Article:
Constitutional Court declares act that denies unions by university professors is unconstitutional

Posted on : 2018-09-04 17:43 KST Modified on : 2019-10-19 20:29 KST
Demands National Assembly has until 2020 to amend law
The Constitutional Court of Korea in Seoul
The Constitutional Court of Korea in Seoul

The Constitutional Court has ruled unconstitutional a provision in the Act on the Establishment and Operation of Teachers’ Unions denying recognition for the establishment of unions by university professors.

In a Sept. 3 announcement, the court said it had ruled in a seven-to-three decision on Aug. 30 that Article 2 of the act, which restricted its terms to elementary, middle, and high school teachers while denying university professors the right to organize, did not conform to the Constitution.

Noting that elementary and middle school teachers would also lose their legal grounds for union establishment if the provision in question was immediately suspended, the court decided to keep it in place until Mar. 21, 2020. The National Assembly has until then to amend the law.

By restricting the participants in union establishment to “teachers” as defined by the Elementary and Secondary Education Act, the Teachers’ Union Act excludes university professors and lecturers from establishing unions. University professors have faced difficulties with establishing unions in the past because they are not subject to the Teachers’ Union Act terms.

The Constitutional Court actively recognized the need to extend the right to organize to professors and lecturers at national and public universities as well as private universities. In the case of private university professors, it noted changes in university practices, including “full-scale implementation of a contractual hiring system for professors, university restructuring, corporate expansion into universities, professors hired under short-term contracts, and the emergence of professors exclusively for lecturing.”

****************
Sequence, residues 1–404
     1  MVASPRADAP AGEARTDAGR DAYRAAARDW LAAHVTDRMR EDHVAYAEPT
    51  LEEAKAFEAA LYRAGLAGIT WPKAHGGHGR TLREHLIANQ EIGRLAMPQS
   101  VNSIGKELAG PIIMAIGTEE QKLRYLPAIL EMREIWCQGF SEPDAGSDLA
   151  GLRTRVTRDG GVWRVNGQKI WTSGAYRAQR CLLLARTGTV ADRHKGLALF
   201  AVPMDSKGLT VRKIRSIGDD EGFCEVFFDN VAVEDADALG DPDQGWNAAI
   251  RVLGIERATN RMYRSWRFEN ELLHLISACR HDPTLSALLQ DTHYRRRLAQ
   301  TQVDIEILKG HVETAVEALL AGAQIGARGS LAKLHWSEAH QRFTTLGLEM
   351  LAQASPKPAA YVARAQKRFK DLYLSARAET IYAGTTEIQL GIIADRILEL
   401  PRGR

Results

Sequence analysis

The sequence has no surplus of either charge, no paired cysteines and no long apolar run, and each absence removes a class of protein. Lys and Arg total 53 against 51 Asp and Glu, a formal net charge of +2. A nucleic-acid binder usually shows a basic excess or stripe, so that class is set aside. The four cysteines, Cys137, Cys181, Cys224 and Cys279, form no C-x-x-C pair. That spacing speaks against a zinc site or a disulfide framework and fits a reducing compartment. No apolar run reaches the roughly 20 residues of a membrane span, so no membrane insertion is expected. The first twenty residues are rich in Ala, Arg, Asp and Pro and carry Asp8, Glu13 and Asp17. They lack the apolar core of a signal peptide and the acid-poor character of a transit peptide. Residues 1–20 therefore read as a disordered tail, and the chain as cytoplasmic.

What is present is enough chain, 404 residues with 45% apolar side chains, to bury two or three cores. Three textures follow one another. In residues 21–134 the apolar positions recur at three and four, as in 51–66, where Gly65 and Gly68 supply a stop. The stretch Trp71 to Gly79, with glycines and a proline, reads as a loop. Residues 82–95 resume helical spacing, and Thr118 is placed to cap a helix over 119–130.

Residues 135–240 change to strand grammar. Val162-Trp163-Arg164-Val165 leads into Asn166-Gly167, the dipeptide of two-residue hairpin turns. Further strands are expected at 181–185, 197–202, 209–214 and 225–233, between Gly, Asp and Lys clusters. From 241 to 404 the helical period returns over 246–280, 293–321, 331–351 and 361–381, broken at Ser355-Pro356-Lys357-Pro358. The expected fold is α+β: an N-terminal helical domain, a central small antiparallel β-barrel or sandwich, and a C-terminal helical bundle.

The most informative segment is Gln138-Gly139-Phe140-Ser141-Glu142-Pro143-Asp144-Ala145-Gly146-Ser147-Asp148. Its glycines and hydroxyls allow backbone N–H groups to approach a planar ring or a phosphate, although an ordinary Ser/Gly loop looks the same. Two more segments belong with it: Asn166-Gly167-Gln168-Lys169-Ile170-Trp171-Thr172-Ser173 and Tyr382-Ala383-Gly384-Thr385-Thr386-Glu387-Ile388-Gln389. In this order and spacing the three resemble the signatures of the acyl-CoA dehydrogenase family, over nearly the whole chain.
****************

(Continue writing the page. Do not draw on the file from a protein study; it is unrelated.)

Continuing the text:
“Guarantees on the right to organize are necessary to improve the economic and societal standing of teachers, including wages, working conditions, and welfare,” the court said.


“The current professors’ associations don’t have the authority to negotiate with universities about improving working conditions, nor are they able to negotiate with the Education Ministry or other government bodies about working conditions,” the Constitutional Court said, emphasizing the need for a professors’ union. The court also addressed opponents who brought up the “special nature” of teaching staff: “One possibility would be recognizing the right to organize while placing this under stronger limitations than other types of unions.”

The court also dealt with professors at national and public universities. After mentioning the rapid reorganization taking place at universities, the court said that “The status, wages and other working conditions of university teaching staff who are public servants cannot be regarded as having a stronger legal guarantee than teaching staff in primary and secondary education.”

“It is not reasonable to completely deny the necessity of organizing to improve wages and other aspects of the status of teaching staff simply because of the existence of professors’ associations and other bodies designed to make decisions about research and education. There are few countries that do not even recognize the right to organize,” the court said.

When the Ministry of Employment and Labor refused to officially recognize the Korea Professor Union in 2015, the union filed an administrative lawsuit. During the trial, it filed a petition for a constitutional review of the relevant provision in the Act on the Establishment and Operation of Teachers’ Unions, and the court accepted this petition, leading to the Constitutional Court’s review.

“Without improving the working conditions of the workers known as professors, high-quality university education becomes impractical. The National Assembly needs to correct the problems with the Teachers’ Unions Act so that tertiary education can be done right,” Professors for Democracy said on Monday.

By Ko Han-sol, staff reporter

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